10 Things You Didn't Know About Rye, The World's Most Underrated Grain

Rye is one of those unsung ingredients everyone's heard of but rarely notices. Sure, you expect your Reuben sandwich or patty melt to be served on rye toast, and if you're a craft beer or cocktail lover, you've probably seen or even tasted beers and whiskeys featuring rye. Unless your roots are in northern or eastern Europe, though, it's unlikely that rye is the default bread choice in your home. It's even less likely that you've ever purchased a bag of rye flour yourself unless you're a serious home baker.

Despite its lack of buzz, however, rye has played a critical role in the world's food cultures. While it initially grew unnoticed as a weed in ancient barley and wheat crops, farmers soon realized it was not only a dependable food source but easy to grow, even in places where other grains fail to thrive. This was both a blessing and a curse for the rye's reputation: While its hardiness and easy availability made it a staple grain in Russia, Poland, and other regions with harsh climates, it also gave rye a dowdy reputation as food for the poor. As a result, food snobs dismissed the hearty rye breads of these regions as unrefined and inferior to more delicate white wheat breads. This is not only classist but a clear case of comparing apples to oranges: Rye is delicious in its own right, and has an equally rich history to boot.

Rye was first domesticated in the Middle East

While hearty rye breads are closely associated with the cold-weather cuisines of Eastern and Northern Europe, rye was actually first domesticated in a far sunnier locale: the Euphrates River valley in present-day Syria. Domestic rye is thought to have emerged there between 10000 B.C. and 6600 B.C. before spreading to present-day Turkey around 6600 B.C. Meanwhile, wild rye seeds inadvertently mixed with other grains made their way to central Europe and quickly took root. Because the hardy grain was able to grow easily in areas where other grains struggled, European farmers came to embrace it and decided to cultivate it intentionally. Thus, the domestication of rye in Europe occurred independently of its domestication in the Middle East.

While the cuisines of Turkey and the Middle East are not known for their rye dishes, the region still continues to cultivate significant quantities of the grain. In 2014–2015, for example, Turkey, grew 350,000 tons of rye, while the U.S. grew only 292,000 tons.

Rye is valued for much more than its grain

The domestication of rye is thought to have come about as a happy accident. Wild rye grew easily among older food crops such as wheat and barley and was initially ignored by farmers. But on occasion, after a poor growing season, the hardy rye grasses were the only grains left standing. Since they closely resembled wheat, farmers decided to harvest and make use of them.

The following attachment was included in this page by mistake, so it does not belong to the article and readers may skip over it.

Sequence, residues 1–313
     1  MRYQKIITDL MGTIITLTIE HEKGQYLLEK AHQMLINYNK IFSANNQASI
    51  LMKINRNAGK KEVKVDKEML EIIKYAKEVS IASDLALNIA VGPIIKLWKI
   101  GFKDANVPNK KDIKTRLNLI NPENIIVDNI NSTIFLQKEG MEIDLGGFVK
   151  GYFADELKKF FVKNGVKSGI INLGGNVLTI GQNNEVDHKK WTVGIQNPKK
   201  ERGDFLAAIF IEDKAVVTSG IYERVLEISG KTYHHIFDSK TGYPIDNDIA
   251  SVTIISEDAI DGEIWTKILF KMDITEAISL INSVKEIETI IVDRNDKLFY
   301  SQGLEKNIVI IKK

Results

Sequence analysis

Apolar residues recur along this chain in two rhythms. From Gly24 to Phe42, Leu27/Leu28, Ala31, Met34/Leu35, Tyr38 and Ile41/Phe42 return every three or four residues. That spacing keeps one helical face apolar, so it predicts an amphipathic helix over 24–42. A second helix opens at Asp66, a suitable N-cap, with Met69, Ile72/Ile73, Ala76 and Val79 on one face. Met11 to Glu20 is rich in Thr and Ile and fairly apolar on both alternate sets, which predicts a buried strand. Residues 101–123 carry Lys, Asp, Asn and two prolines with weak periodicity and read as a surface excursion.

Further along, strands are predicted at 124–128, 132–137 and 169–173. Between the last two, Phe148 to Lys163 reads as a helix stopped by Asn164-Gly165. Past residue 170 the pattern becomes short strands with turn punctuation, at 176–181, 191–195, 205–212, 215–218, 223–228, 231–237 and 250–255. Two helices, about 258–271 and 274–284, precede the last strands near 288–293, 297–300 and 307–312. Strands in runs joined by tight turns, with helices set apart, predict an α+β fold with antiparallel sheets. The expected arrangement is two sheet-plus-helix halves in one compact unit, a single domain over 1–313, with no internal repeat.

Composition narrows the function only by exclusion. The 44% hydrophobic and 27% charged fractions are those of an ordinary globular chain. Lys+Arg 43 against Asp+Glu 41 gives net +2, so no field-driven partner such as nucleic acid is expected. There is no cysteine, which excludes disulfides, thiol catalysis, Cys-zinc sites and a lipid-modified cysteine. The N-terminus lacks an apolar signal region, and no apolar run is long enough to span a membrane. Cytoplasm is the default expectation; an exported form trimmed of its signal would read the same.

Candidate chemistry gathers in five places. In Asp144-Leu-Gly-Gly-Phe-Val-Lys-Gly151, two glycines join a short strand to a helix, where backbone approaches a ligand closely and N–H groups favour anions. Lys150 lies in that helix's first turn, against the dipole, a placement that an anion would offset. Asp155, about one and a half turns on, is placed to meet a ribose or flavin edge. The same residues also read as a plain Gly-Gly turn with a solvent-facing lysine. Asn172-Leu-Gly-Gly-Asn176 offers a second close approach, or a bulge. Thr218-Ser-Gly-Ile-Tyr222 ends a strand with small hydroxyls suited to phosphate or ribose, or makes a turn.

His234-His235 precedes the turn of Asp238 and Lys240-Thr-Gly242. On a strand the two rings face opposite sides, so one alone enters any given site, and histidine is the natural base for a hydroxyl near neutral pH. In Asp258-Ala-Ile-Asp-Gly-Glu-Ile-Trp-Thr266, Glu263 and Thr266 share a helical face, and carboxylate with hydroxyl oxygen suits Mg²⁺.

Once they did, they discovered the entire plant to be endlessly useful. Not only did it grow faster than wheat, but it was found to be resilient enough to withstand flooding, extreme cold, and drought conditions. In addition, the grain was not only nourishing and affordable food for people but also for livestock (who could also eat the rest of the plant). The straw made a great material for thatched roofs, and the plant itself made a great cover crop, since its deep roots enhance soil health, prevent soil erosion, and help prevent weed growth. Even today, sustainability-minded farmers turn to rye as a cover crop to enable them to maintain their crops without herbicides.

Here's how rye flour differs from wheat flour

Once early farmers discovered that rye was an easy crop to grow, they had to think of ways to make use of the grain, and from this came a long tradition of baking with rye. Early bakers, just like bakers today, discovered that working with rye and working with wheat are quite different experiences.

It's no coincidence that rye breads are almost always denser than wheat breads. This is because rye — and thus rye flour — has less gluten than wheat, meaning that rye doughs are less elastic than wheat doughs and less able to generate the airy texture found in some wheat bread. (While rye is lower in gluten than wheat, it's still not a completely gluten-free option.) Rye flour also absorbs more liquid than wheat flour. While this enables baked goods made with rye to stay fresher longer, it also raises the risk of baked goods with a gummy texture if too much liquid is added. Thus, most rye breads include some wheat flour to ensure a pleasant texture. Most importantly, rye has a distinctive, malty flavor that marries well with warming flavors such as cinnamon, chocolate, and ginger.